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About Albert by Terry McDonagh, Irish Poet, Playwright and Writer
About Albert is an excerpt taken from quite a long poem based on post-war conversations I’ve had in Germany with people who’d had first-hand experience of World War Two, as well as with some people born after 1945. War is always a terrible tragedy. There are winners and losers – sadly, winners are often losers as well: feelings of hate, regret, pain and loss remain. In the end, the economist/ the traders in arms will win out. The sad thing is that it is almost always ‘ordinary’ people who really suffer; who are led to believe in some cause/belief or another. I know there are times when defence is called for but, in the main, war leads to alienation from self and from other decent people who could have been friends and not enemies. The leaders are the problem.
In this poem, we see Albert, a man who has lost his parents; who grows up in an orphanage and who never really comes to terms with his life in post-war Germany. Albert is an outsider who, as a result of war, has become alienated from himself and his society. In this final section of the poem, he writes to his deceased mother:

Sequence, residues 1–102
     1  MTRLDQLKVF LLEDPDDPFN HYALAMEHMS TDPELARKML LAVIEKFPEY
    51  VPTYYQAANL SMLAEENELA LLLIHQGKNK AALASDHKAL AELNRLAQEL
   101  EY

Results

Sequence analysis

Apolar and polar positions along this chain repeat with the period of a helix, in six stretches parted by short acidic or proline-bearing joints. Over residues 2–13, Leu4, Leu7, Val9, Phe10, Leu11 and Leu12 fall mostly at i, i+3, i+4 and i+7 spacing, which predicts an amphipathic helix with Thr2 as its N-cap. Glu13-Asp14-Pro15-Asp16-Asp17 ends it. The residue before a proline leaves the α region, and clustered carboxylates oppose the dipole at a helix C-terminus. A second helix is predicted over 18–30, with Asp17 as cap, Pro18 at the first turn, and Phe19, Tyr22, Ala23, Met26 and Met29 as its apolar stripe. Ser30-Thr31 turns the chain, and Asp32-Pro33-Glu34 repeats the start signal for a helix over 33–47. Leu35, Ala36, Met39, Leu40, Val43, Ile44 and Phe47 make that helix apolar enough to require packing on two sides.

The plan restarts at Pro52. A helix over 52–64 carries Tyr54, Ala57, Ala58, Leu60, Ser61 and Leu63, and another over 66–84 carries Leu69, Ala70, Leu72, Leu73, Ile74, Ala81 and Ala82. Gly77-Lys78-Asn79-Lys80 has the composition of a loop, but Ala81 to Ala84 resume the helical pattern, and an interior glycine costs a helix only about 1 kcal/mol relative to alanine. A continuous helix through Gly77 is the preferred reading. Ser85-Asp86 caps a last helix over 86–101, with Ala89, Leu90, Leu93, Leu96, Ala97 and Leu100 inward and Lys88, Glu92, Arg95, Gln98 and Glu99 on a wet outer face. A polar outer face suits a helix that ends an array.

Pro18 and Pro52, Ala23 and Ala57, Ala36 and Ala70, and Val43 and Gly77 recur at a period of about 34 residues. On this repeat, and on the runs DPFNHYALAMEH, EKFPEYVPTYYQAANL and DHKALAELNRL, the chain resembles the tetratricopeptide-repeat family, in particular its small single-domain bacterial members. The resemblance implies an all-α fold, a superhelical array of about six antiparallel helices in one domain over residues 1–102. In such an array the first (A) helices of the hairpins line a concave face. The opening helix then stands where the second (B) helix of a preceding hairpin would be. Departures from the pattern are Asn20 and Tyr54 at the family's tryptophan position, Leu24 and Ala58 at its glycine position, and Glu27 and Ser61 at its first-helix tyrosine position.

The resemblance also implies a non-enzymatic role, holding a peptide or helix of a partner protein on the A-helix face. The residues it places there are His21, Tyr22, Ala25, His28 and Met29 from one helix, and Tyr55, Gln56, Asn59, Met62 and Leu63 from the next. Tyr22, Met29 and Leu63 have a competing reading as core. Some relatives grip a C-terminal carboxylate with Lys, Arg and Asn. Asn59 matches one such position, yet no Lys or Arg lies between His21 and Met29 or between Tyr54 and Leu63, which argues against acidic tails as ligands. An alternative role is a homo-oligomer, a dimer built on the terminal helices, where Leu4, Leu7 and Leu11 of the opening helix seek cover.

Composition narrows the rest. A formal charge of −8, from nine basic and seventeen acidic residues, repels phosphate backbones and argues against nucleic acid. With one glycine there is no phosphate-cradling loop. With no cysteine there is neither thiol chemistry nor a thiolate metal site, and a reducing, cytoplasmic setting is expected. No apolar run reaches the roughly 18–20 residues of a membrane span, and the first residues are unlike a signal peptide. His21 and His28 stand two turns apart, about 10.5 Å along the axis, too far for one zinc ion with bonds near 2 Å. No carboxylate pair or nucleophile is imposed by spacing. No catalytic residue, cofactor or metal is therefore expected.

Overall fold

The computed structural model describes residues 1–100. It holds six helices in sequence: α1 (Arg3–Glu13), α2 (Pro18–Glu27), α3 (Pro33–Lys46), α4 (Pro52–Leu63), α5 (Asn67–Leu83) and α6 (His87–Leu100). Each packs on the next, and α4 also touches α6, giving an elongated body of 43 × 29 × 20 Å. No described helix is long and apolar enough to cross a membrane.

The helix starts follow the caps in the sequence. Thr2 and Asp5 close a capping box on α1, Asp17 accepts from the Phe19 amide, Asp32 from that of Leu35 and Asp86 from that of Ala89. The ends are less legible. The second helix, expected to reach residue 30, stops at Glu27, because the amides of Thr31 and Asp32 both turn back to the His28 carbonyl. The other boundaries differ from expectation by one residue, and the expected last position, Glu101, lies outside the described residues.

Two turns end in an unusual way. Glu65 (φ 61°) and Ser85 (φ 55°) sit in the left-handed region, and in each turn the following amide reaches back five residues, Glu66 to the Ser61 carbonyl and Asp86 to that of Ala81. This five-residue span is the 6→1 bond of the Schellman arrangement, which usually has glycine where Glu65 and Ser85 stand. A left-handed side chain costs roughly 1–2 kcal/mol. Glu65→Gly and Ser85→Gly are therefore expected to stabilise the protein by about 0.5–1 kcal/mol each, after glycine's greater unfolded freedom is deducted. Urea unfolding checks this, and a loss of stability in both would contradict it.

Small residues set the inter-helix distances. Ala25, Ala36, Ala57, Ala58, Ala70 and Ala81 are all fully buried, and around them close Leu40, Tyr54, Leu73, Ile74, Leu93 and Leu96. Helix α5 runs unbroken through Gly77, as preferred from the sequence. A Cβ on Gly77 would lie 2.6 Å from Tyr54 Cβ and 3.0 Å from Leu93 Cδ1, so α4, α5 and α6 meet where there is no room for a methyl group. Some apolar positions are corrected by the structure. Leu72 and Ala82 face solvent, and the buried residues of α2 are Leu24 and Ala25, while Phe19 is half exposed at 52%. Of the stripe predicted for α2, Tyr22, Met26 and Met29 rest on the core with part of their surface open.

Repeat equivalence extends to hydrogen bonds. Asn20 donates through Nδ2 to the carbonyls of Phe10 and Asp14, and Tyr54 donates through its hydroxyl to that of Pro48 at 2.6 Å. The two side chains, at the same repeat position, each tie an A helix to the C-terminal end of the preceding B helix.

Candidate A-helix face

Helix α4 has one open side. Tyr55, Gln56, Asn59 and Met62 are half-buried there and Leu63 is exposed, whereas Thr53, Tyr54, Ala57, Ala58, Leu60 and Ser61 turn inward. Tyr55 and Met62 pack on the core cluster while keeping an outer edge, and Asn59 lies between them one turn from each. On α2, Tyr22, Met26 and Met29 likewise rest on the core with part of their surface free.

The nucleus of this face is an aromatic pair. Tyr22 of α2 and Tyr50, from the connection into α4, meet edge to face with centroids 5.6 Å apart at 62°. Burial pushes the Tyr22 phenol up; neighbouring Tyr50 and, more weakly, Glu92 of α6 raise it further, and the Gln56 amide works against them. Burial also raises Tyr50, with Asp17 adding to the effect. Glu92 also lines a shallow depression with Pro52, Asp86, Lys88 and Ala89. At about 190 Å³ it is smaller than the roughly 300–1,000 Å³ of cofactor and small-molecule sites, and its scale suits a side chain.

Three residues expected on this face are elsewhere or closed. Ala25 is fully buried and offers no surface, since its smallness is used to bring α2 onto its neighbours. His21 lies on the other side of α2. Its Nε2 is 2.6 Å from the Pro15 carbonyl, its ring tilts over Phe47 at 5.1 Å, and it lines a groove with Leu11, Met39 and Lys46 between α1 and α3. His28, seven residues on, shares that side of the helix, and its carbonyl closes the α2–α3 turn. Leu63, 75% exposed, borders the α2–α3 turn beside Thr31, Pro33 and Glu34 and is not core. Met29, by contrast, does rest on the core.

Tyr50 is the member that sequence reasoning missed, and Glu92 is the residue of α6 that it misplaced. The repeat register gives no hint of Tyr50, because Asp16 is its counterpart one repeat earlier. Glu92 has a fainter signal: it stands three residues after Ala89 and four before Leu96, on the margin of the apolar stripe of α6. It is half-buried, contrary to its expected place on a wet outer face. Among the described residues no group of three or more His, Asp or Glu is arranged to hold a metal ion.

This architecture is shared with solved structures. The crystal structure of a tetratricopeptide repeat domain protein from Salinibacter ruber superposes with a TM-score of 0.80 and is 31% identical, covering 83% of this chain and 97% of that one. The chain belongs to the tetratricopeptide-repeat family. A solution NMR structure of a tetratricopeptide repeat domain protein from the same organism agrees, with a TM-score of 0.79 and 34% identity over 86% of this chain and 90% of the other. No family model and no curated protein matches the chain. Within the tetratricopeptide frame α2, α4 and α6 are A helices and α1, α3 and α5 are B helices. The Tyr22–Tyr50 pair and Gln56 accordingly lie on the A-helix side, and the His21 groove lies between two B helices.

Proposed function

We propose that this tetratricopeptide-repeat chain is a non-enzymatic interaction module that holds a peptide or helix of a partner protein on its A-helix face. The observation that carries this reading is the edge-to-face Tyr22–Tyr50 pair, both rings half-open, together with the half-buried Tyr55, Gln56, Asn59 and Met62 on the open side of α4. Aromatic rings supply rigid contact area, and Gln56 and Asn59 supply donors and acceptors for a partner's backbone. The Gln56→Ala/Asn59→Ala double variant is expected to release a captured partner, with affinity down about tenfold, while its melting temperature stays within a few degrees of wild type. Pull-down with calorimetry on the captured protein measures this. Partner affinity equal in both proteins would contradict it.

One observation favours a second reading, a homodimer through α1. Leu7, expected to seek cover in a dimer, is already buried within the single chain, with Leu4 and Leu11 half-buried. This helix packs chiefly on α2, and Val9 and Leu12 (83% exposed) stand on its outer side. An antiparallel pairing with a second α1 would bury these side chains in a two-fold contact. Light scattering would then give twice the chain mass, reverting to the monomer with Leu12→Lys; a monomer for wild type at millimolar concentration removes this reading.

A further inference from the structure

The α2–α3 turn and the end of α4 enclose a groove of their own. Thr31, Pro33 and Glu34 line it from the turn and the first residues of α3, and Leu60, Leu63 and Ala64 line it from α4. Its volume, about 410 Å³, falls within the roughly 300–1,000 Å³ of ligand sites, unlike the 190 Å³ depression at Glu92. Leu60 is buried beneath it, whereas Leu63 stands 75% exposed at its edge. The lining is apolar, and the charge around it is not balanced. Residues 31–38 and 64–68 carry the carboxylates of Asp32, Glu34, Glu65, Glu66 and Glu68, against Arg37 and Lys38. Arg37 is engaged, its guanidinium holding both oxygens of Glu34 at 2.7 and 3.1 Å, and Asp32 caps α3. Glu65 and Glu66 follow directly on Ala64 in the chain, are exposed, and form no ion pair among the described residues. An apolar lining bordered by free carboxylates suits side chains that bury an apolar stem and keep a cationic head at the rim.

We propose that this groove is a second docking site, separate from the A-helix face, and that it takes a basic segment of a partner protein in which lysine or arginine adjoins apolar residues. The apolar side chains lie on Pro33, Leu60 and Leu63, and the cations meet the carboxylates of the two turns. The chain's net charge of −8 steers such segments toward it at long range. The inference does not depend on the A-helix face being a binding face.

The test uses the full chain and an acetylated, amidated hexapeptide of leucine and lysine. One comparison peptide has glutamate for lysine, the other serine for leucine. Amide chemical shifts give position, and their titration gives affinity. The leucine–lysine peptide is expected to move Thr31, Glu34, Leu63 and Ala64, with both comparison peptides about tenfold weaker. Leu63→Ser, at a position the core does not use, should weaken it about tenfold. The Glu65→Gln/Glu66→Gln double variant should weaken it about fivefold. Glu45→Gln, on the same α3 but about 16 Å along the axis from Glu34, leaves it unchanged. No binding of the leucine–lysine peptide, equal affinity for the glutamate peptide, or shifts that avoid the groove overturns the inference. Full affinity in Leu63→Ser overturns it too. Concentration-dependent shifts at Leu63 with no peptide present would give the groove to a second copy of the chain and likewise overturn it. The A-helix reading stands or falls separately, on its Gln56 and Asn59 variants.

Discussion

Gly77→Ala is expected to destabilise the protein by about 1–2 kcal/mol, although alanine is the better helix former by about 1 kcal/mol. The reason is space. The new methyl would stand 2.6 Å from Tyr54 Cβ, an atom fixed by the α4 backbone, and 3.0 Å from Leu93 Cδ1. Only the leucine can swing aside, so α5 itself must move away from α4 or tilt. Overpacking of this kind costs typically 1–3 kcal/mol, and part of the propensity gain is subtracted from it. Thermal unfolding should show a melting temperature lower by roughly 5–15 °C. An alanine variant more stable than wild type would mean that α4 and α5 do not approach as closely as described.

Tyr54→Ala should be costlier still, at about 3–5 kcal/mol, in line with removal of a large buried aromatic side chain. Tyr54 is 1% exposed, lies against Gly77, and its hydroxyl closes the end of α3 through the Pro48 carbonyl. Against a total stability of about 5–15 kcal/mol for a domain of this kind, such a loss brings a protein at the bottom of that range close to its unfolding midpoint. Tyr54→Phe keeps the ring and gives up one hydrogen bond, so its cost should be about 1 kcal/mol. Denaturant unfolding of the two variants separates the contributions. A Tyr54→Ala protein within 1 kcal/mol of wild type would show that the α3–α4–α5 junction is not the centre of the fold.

Dear Mother, why did you leave me all those years ago|?
My wings were too young to keep hanging in the sky, but
I know it was in spring they placed you pale and firm in the clean earth.
You used to bring red to weaving flowers and unwrap layers
of heat and rain on thick grass. I was orphaned in garlands
seeing the sky slowly turn its back on me.
Now you are at one with persistent darkness, but when I see
us crossing fields of barley, I curtsy to your humming
of Mozart’s Zauberfloete from a suspended rock on the headland.
There never was time to stare at shop windows.
War and your sickness left me ragged loss
and a photo of an older woman in a distant country.
I have sifted through women on corners, opened my heart
behind hedgerows, sprang helplessly at the messenger’s throat
with nothing but a fingerprint attached to the surface of my universe.
I change my tune to meet the needs of every wretch in suburbia.
I don’t want to be alone in Paradise.
I remain your son, Albert.